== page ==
Republicans shelve Zuckerberg contempt vote in ‘censorship’ inquiry ‘for now’

Republicans shelve Zuckerberg contempt vote in ‘censorship’ inquiry ‘for now’

House panel was to consider resolution on Meta chief for allegedly failing to turn over internal documents to investigators

Mary Yang in WashingtonThu 27 Jul 2023 14.17 EDT

Mark Zuckerberg, the chief executive of Meta, is no stranger to Capitol Hill, where he has sparred with Republicans and Democrats over how he runs his platforms. A Republican-led panel was set to vote on Thursday on a resolution to hold him in contempt of Congress, for allegedly failing to turn over internal documents on content moderation.

However, House judiciary committee chair Jim Jordan, a Republican of Ohio, temporarily suspended the vote.

Jordan announced on Twitter that the committee “decided to hold contempt in abeyance. For now” and posted a series of tweets of alleged internal communications among Meta executives hours ahead of the hearing.

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“To be clear, contempt is still on the table and WILL be used if Facebook fails to cooperate in FULL,” Jordan said.

New Social Media App ''Threads'' launched by Meta - 26 Jul 2023<br>Mandatory Credit: Photo by Muhammad Ata/IMAGESLIVE via ZUMA Press Wire/Shutterstock (14023076p) Gaziantep, Turkiye. 08 July 2023. The logo of the new App ''Threads'' by Meta Platforms. The App is a new text-based app which functions in a similar way as Twitter, with Threads allowed to be up to 500 characters long. The app ''Threads'' has been developed by the Instagram team New Social Media App ''Threads'' launched by Meta - 26 Jul 2023

Republican lawmakers have repeatedly accused Meta – along with other big names Google, Apple and Microsoft – of suppressing conservative speech on their platforms.

Jim Jordan had alleged that Meta failed to turn over requested internal company documents to an investigation into tech companies and “willfully refused to comply in full with a congressional subpoena”, according to a report released on Tuesday.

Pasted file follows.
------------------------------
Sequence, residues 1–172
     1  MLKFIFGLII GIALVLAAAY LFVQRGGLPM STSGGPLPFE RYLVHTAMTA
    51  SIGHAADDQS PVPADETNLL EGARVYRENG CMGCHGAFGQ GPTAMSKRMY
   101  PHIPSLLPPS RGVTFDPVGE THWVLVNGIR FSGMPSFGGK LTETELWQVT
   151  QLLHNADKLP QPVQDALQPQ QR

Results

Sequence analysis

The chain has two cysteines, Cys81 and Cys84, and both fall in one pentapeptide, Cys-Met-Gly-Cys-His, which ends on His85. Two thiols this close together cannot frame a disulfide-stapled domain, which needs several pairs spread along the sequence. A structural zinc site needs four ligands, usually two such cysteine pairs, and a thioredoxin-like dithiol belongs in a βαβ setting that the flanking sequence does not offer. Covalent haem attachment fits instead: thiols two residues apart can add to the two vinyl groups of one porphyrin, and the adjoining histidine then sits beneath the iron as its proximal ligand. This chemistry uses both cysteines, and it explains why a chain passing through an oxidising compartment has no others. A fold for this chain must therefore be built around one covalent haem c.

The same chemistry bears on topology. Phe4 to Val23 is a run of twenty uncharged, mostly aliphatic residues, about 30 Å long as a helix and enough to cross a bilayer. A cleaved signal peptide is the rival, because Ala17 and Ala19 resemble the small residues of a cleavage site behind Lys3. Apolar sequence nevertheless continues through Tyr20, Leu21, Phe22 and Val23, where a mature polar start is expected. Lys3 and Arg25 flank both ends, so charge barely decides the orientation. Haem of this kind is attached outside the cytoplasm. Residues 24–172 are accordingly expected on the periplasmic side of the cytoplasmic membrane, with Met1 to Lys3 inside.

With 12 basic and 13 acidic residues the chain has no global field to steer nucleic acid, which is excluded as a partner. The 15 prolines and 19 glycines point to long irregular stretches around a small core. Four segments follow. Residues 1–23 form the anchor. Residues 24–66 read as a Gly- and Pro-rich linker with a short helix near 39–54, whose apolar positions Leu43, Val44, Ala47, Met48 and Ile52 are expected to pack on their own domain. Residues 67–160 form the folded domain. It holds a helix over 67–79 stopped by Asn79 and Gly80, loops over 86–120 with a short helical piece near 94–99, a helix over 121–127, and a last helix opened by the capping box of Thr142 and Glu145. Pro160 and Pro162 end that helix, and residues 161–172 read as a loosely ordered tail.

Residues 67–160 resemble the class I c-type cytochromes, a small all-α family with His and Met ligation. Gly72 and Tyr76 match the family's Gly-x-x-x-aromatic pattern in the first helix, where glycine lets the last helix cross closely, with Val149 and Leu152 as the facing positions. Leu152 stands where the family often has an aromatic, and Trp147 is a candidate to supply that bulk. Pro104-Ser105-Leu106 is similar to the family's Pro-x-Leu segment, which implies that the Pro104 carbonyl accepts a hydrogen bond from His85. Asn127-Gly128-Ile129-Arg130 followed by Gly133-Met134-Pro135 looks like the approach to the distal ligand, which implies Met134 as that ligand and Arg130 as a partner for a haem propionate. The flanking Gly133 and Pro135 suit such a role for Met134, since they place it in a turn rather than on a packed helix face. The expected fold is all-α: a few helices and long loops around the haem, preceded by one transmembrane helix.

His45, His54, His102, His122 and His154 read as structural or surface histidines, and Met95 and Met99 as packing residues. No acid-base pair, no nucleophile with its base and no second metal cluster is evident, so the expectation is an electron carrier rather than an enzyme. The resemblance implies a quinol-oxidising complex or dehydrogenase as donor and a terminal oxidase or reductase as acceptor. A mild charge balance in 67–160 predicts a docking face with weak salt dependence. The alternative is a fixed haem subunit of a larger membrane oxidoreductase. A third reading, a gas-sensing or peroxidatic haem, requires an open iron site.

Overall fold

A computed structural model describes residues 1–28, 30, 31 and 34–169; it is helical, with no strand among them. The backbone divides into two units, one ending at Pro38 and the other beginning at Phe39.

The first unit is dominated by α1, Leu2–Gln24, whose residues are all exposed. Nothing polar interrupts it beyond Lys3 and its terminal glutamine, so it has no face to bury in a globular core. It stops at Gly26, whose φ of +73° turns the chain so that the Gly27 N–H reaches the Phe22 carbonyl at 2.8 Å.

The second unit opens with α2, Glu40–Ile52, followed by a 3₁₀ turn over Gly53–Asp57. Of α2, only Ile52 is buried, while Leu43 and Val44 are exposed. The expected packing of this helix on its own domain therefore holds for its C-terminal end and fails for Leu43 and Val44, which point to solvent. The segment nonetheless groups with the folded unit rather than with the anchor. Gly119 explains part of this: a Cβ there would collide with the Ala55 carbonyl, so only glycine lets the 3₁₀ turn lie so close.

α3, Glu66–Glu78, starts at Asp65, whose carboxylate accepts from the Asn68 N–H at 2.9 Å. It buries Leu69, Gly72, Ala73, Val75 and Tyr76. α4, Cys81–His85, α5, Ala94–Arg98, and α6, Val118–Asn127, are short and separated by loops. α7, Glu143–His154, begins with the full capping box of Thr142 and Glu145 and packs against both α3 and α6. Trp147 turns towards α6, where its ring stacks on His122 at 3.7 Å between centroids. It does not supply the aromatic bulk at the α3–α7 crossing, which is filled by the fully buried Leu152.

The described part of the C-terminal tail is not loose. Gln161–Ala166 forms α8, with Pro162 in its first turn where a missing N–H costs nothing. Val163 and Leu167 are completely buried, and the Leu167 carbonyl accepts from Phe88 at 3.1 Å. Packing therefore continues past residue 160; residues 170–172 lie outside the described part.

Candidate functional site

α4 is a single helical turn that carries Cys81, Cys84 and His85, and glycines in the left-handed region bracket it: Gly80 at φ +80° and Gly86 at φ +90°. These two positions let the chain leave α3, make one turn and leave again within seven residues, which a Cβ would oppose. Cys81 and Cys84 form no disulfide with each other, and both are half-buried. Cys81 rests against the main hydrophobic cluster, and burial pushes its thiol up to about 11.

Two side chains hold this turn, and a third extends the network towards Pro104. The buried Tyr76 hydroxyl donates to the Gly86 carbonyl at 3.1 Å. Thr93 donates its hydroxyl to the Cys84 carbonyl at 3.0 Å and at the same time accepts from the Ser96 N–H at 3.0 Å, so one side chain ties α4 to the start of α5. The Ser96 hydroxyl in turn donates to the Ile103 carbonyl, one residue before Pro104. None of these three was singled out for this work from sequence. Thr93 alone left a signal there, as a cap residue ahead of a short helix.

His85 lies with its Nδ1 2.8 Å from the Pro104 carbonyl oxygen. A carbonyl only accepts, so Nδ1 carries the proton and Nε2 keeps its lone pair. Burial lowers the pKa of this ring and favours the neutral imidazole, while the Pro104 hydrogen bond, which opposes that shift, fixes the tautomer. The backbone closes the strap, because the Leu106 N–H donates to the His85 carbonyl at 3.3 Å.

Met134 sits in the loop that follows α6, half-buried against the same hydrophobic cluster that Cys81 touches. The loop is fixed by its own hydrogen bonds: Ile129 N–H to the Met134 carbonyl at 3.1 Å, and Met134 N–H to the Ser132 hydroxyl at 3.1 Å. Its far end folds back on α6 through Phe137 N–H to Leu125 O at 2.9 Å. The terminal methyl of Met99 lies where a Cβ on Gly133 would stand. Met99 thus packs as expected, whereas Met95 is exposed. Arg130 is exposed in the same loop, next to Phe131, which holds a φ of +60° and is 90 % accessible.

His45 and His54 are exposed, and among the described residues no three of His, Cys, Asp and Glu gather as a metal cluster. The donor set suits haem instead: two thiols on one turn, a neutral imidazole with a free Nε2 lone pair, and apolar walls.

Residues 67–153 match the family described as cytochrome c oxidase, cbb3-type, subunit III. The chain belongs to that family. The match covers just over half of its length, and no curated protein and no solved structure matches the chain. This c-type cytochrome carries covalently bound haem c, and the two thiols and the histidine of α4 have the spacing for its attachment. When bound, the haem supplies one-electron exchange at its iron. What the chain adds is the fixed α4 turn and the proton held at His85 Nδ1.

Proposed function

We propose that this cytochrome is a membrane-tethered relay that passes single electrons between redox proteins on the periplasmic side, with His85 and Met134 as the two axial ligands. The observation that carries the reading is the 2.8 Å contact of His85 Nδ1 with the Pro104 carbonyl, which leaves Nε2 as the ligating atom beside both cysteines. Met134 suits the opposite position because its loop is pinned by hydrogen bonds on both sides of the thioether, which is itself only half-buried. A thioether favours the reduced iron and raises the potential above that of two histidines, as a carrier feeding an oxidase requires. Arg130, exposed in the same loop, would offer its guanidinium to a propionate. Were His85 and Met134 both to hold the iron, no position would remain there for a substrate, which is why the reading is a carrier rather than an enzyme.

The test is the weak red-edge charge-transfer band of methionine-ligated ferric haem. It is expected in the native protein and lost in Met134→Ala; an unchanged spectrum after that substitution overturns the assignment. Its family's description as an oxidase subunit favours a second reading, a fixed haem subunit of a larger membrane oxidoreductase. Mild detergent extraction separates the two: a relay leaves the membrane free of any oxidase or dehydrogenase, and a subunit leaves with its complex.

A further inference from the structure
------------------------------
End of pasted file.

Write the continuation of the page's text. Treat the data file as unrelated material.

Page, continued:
Jordan, an Ohio Republican, also subpoenaed the chief executives at Alphabet, Microsoft, Amazon and Apple in February. Zuckerberg is so far the only one facing additional scrutiny.

But regulating tech companies is a rare area of bipartisan support, even if the reasons behind it are different. Meta has come under fire from Democrats over privacy concerns and its marketing toward kids and teens. In 2020, Zuckerberg, along with the then Twitter chief executive, Jack Dorsey, faced intense questioning during a Senate judiciary hearing where Democrats condemned the executives for amplifying misinformation, such as false claims of election fraud, and raised antitrust concerns.

Meta says it has fully complied with the congressional investigation.

“For many months, Meta has operated in good faith with this committee’s sweeping requests for information. We began sharing documents before the committee’s February subpoena and have continued to do so,” said a Meta spokesperson, Andy Stone, in a statement posted in response to the hearing notice on Tuesday.

He said Meta had so far delivered more than 53,000 pages of internal and external documents and “made nearly a dozen current and former employees available to discuss external and internal matters, including some scheduled this very week”, according to the statement.

Politico reported that Meta handed over more documents hours before Jordan announced the Thursday vote but that the Ohio Republican was not satisfied.

“They’ve given us documents because we’re pushing and because we’re talking about this – we appreciate that, but we are convinced that it’s way short of what they should be providing us,” Jordan reportedly said in an interview.

One social media company, Twitter – which now goes by X – has escaped much of the scrutiny as its chief executive, Elon Musk, has been seen as friendly to conservatives. In his February letter to tech companies, Jordan called Twitter a model of transparency and praised its “Twitter files” – which many experts flagged as sensationalized.

Meta’s second-quarter revenue defied expectations after its earnings release on Wednesday, and Zuckerberg’s own net worth surged on Thursday.

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